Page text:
The Human Element
The most important components of cold case investigation are the people—victims, witnesses, suspects—and the physical evidence. And no matter how organized the case file, usually some amount of work needs to be completed on the front end to update the witness list. This can be a daunting task. People move, get married, get divorced, get married again, and die.
Fortunately, the Internet offers some powerful tools for investigators. Even basic searches on free Websites such as www.anywho.com and www.qwestdex.com make it easy to locate people. In addition, your agency might want to consider setting up an account with www.flatrateinfo.com or other for-pay Internet search engines. These sites provide information that can’t otherwise be found online. Depending upon the site, you can search credit header information for most recent addresses, voter registration records, county clerk records, liens, foreclosures, marriages and divorces, and many other local, state, and national databases.
Finding people is critical to your success. You will often find that the original investigation left critical questions unanswered. Consequently, many cold cases are solved by conducting additional interviews.
They are also often solved by gathering additional evidence from the witnesses, suspects, and victims. People can voluntarily submit or be court-ordered to submit non-testimonial evidence—fingerprints, DNA, handwriting, etc.
Remember, advancement in all aspects of forensic science is the primary reason why now may be the right time for law enforcement agencies to reopen cold cases. So physical evidence is critical to your success.
No forensic technology has solved more cold cases than DNA matching.
However, physical evidence presents many challenges to cold case investigation. The newly assigned detectives have no power over how the crime scene was processed and what physical evidence was collected. This alone could grind the investigation to a halt if critical pieces of evidence were overlooked and never collected.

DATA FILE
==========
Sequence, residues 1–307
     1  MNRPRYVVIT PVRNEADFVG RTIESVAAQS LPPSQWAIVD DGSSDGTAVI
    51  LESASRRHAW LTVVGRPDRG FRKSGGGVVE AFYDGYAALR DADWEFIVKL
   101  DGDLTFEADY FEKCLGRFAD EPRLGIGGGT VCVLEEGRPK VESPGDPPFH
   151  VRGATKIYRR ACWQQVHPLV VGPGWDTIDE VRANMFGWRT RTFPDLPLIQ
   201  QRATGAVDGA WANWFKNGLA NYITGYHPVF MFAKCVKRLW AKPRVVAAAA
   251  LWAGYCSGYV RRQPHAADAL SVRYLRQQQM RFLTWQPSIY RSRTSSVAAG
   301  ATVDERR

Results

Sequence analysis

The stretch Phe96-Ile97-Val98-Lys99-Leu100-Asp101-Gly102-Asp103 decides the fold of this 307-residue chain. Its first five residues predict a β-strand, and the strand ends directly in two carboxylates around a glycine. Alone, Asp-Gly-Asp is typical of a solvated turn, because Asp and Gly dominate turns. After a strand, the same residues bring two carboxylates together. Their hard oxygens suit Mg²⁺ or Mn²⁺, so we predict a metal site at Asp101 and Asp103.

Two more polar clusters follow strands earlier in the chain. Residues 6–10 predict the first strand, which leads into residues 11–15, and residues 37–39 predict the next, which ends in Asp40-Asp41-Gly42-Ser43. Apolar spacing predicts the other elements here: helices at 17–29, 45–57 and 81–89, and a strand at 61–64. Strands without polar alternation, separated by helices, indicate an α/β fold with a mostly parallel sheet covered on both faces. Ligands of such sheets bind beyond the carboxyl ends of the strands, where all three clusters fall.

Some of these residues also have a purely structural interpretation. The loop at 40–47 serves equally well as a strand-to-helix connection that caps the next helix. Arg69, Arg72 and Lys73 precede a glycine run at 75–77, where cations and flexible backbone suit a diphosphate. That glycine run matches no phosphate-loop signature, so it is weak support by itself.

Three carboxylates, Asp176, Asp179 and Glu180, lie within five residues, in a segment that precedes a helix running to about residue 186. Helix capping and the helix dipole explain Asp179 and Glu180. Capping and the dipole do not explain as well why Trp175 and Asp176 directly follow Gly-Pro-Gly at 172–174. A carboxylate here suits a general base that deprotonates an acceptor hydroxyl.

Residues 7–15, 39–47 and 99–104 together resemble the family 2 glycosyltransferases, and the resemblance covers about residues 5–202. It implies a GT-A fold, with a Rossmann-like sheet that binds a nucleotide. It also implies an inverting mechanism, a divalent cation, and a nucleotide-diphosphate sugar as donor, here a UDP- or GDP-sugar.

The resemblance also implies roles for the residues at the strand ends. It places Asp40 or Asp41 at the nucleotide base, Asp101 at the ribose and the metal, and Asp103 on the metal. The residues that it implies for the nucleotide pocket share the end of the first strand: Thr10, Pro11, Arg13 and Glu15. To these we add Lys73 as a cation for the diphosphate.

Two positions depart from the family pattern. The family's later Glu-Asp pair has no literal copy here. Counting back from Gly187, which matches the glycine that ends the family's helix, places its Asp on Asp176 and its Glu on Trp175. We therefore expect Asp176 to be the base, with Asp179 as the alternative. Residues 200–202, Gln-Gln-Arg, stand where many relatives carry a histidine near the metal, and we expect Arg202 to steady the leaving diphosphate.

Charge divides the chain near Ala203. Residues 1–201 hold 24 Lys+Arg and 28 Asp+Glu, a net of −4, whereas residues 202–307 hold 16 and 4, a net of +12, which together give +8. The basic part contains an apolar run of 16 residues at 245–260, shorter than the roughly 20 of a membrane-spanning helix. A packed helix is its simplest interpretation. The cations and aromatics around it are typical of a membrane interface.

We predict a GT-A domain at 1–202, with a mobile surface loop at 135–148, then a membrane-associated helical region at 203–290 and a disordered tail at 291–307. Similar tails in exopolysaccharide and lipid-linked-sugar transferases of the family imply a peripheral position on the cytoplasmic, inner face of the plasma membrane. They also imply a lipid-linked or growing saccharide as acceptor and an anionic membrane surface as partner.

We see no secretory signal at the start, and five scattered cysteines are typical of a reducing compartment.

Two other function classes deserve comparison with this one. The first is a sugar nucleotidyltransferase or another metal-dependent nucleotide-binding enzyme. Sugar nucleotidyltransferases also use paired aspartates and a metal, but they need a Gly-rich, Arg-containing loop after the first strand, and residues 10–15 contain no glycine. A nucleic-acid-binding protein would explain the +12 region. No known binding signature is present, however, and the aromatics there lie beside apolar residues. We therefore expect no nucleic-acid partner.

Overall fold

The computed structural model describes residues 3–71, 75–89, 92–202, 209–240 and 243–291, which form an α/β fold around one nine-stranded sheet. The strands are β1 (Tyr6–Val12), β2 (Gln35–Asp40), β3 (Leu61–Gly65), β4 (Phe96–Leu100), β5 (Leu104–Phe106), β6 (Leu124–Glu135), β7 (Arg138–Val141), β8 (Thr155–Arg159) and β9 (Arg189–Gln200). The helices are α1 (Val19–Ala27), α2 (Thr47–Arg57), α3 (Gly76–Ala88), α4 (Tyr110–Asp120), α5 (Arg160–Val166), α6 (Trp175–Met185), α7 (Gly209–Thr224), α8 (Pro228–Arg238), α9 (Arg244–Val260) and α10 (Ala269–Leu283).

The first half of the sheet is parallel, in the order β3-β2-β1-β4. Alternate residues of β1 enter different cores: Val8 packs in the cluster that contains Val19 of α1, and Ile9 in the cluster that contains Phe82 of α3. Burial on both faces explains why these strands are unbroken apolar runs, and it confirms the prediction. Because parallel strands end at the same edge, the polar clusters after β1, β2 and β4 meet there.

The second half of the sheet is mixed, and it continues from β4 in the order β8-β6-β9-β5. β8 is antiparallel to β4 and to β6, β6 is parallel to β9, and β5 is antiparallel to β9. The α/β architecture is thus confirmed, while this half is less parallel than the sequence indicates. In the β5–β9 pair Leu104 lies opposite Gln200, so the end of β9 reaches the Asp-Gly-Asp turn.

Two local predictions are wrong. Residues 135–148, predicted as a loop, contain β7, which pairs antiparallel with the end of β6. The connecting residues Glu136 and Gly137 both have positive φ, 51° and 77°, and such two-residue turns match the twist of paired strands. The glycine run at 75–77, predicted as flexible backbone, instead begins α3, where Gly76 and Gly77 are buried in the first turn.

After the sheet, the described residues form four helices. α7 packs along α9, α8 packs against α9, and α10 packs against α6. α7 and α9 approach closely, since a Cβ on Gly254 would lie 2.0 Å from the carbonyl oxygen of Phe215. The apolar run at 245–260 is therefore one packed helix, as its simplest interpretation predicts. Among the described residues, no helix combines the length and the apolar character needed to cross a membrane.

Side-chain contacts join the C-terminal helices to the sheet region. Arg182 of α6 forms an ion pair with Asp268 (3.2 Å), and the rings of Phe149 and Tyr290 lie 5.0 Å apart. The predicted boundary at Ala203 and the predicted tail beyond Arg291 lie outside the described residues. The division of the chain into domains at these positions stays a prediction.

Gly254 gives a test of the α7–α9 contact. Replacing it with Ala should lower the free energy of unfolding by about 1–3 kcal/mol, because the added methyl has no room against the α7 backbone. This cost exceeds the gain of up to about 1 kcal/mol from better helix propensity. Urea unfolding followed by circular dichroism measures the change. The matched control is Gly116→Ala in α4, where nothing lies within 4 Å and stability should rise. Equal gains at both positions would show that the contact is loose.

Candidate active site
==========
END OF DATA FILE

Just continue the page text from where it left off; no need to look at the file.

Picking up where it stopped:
And unfortunately, time is not on our side regarding evidence. Biological evidence may degrade over the years, poor storage of items can result in ruined fingerprint evidence, poorly developed and fixed negatives and photographs may fade, and evidence may have been destroyed or lost by evidence technicians.
This is why one of the most important steps in a cold case investigation is to inventory the available evidence. You need to identify what items are still held as evidence. These items should be inspected and photographed. Once the items are cataloged, laboratory reports should be reviewed to determine what tests have already been completed on the evidence.
Perhaps you’re working on a case from the early ’80s in which serology was completed on a victim’s bloody shirt to determine the blood type of the offender. Now, you need that same bloody shirt for DNA evidence. If the shirt was properly dried and packaged in paper, it’s likely that the DNA will be intact and modern DNA testing can be completed on the item.
It’s important to discuss possible forensic testing with laboratory personnel. The lab technician can determine what type of testing is viable based on the condition of the evidence. Don’t assume that the evidence is no good just because it has been sitting in a property room for years. The FBI has developed comparable fingerprints on many items from the 1940s and DNA evidence is routinely used in cases that are decades old.